Rep. Marcy Kaptur (D-Ohio) made the request Tuesday in a letter to Attorney General Eric HolderEric H. HolderTrust Women opposes Sen. Session's nomination Former AG launches redistricting effort to help Dems reclaim power The racism inquisition over Jeff Sessions MORE. Since then, almost 20 of her colleagues have signed on.

The Securities and Exchange Commission (SEC) has filed a fraud action against Goldman for allegedly promoting a package of investments that was designed to fail. But the SEC can only pursue civil actions. Kaptur wants the Justice Department (DOJ) to consider criminal charges as well.

"[I]f the DOJ is not currently looking into this particular case, we respectfully ask you to ensure that the U.S. Department of Justice immediately open a case on this matter and investigate it with the full authority and power that your agency holds," Kaptur wrote to Holder.

"The American people both demand and deserve justice in the matter of Wall Street banks whom the American taxpayers bailed out, only to see unemployment and housing foreclosures rise."

Republicans have accused Democrats of engineering the SEC charge to bolster the case for financial reform. Democrats have vehemently denied that claim, but the push for criminal charges isn't likely to quiet the conservative charges.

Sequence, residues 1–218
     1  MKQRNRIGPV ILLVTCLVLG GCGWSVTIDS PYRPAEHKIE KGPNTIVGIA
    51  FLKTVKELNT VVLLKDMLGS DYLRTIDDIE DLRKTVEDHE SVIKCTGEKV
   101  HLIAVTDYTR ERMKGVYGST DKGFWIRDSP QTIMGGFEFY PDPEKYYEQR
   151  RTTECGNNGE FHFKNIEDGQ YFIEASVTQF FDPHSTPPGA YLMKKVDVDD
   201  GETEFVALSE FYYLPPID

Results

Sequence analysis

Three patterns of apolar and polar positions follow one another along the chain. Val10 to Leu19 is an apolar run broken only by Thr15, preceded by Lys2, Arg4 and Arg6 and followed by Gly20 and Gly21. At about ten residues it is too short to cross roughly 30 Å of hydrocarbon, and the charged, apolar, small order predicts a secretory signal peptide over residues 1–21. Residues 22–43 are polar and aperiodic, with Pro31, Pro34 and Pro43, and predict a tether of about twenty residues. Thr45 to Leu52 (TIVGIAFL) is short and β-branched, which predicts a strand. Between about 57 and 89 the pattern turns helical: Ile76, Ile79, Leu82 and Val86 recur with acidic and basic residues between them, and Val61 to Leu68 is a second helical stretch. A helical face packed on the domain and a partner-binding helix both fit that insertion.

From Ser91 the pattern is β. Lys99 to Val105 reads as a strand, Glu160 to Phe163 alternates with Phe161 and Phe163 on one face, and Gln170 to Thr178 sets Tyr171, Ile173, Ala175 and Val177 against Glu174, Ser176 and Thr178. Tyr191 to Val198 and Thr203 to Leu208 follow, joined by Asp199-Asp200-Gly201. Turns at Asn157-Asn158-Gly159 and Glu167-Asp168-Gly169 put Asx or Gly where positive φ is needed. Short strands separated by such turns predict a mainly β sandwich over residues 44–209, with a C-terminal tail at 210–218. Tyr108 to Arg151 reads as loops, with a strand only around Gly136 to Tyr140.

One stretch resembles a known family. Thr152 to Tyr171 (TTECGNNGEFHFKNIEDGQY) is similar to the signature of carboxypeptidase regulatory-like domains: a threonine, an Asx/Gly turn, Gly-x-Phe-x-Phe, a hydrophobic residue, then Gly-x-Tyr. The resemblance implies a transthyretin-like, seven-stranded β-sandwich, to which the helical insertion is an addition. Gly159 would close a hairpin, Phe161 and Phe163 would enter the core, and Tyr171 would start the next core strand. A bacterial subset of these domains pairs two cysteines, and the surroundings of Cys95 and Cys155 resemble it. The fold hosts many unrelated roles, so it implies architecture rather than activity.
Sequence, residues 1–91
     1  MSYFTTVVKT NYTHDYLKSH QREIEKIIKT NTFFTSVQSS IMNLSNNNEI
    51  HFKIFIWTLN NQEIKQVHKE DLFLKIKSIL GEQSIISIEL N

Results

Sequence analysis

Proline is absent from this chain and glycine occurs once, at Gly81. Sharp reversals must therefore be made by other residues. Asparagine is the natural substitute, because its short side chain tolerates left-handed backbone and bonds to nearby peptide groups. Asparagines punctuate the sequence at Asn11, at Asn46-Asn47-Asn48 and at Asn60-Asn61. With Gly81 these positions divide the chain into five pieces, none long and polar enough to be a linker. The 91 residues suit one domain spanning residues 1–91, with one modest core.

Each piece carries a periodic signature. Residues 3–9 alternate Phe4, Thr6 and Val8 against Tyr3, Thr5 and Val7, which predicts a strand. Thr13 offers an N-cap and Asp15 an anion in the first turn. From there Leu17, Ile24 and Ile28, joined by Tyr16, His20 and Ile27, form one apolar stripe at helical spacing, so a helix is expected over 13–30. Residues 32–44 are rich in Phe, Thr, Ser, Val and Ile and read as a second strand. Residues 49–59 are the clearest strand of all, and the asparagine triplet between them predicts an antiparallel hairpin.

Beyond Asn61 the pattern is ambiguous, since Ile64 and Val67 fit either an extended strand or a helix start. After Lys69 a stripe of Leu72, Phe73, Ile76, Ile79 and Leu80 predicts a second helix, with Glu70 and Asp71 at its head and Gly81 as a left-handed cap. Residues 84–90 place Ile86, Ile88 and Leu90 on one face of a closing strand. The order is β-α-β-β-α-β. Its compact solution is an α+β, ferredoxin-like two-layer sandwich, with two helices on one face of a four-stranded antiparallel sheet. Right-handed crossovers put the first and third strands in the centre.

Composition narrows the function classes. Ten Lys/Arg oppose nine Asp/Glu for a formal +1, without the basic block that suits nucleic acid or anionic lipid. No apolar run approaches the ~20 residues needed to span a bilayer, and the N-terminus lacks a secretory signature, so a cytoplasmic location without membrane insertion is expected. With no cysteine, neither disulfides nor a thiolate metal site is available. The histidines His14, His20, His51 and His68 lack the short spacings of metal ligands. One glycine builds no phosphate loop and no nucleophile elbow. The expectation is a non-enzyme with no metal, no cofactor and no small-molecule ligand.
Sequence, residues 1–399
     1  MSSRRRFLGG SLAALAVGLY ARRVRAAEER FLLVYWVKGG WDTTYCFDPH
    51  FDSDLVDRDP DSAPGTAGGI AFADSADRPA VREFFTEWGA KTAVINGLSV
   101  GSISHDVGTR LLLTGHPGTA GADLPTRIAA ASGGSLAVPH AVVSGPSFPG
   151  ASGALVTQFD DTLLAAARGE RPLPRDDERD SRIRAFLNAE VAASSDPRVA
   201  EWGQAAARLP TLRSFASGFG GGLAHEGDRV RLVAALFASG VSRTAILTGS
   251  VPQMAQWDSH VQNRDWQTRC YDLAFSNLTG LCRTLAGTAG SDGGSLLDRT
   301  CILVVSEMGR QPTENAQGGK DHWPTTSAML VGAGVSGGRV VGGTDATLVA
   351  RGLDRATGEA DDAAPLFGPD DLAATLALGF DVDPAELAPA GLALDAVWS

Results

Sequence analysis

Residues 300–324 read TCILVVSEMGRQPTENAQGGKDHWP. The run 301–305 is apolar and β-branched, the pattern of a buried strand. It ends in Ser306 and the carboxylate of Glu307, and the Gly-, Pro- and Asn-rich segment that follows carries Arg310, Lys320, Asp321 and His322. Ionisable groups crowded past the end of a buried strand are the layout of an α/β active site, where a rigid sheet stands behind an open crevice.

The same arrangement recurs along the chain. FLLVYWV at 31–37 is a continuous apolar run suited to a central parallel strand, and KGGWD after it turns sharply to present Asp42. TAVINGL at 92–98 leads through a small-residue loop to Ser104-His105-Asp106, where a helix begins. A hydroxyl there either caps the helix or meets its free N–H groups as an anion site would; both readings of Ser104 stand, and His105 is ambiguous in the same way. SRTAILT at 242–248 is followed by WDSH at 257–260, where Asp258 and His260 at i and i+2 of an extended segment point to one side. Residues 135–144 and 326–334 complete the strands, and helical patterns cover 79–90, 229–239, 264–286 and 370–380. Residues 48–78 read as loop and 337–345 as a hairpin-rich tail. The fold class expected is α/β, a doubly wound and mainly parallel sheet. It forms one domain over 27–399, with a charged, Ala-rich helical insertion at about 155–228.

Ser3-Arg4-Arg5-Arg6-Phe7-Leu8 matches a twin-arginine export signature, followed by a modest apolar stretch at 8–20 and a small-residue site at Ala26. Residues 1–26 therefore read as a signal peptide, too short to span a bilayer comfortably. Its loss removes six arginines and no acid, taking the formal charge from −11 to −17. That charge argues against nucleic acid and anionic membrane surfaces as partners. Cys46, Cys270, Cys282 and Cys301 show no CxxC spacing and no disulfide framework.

The letter has so far garnered 18 signatures, and the Progressive Change Campaign Committee (PCCC) is organizing a grassroots campaign to urge more lawmakers to sign on. The group says it has gathered 23,000 signatures and organized 2,400 calls to Congress.

"Now is the moment to make clear: Nobody on Wall Street is 'too big for jail,' " PCCC co-founder Aaron Swartz wrote to supporters.

The following House Democrats have signed on to Kaptur's letter: Jim McDermottJim McDermottDem lawmaker: Israel's accusations start of 'war on the American government' Dem to Trump on House floor: ‘Stop tweeting’ A record number of Indian Americans have been elected to Congress MORE (Wash.), Diane Watson (Calif.), Chris Carney (Pa.), Raul Grijalva (Ariz.), Keith Ellison (Minn.), John Lewis (Ga.), Charlie Melancon (La.), Tom Perriello (Va.), Betty Sutton (Ohio), Jay Inslee (Wash.), Pete Stark (Calif.), Mike Honda (Calif.), John Salazar (Colo.), Niki Tsongas (Mass.), Alan GraysonAlan GraysonWhy Republicans took aim at an ethics watchdog Could bipartisanship rise with Trump government? Schumer under pressure to add Sanders to leadership team MORE (Fla.), David Loebsack (Iowa) and Bob Filner (Calif.).